Rockpooling is all about discovering the joy of small things, getting back to nature and enjoying time together as a family.
As the tide sweeps out, rockpools are left teeming with small-scale wildlife, just waiting to be uncovered. Children love exploring and adults usually find it fascinating, too. From late spring until early autumn, the weather conditions are usually just right to make rockpooling a delight. You need to do it at low tide, because the most interesting rockpools are always closest to the sea. Always keep an eye on tide times, and watch the water as it is easy to lose track of time while investigating nature’s bounty. Rocks can get a little slippery so careful as you go, maybe with some sensible footwear, like wellies.
Remember, rockpooling is about exploring but you need to keep the animals you find safe as part of marine diversity.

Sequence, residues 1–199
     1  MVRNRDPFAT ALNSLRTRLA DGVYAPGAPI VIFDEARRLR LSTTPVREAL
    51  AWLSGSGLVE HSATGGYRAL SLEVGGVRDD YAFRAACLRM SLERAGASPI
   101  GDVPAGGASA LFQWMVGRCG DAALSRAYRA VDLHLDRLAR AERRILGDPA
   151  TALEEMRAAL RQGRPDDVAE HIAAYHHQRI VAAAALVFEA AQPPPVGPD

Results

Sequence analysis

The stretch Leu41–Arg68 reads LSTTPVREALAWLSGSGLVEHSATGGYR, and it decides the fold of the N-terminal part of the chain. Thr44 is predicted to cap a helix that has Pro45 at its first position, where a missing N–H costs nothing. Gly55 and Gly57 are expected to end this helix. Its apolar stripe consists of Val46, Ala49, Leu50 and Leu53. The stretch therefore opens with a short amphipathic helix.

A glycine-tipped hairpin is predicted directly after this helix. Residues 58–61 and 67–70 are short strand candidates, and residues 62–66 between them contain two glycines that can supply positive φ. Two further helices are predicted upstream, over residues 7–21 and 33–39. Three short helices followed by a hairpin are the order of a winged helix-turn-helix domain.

Don’t overlook seaweed, and keep your eyes peeled for tiny fish, common shore crabs, starfish and sea anemones. Most rocky shores are also packed with limpets – they can really stick hard to rocks – unlike periwinkles, tiny snails which are readily carried away by waves. Finding a starfish is exciting but they much prefer being in the water, so ‘look don’t touch’ is the watchword. Perhaps the most beautiful are the often very colourful anemones, tentacles swaying in the watery flow. Don’t touch them, though; likewise, jelly fish, as they can sting.
Often, creatures are hiding among the strands of seaweed so check them carefully.
Have you come across a mermaid’s purse? These are the egg cases of sharks and rays. Usually, it is the discarded shells you will find, but sometimes, there may be something inside if you hold it up to the light to see the silhouette.
Before you set off, take a look at this award-winning rockpooling website.
So, what’s stopping you? All you need is a bucket and sharp eyes to discover a whole new world. Hopefully, you will have a camera at the ready, too.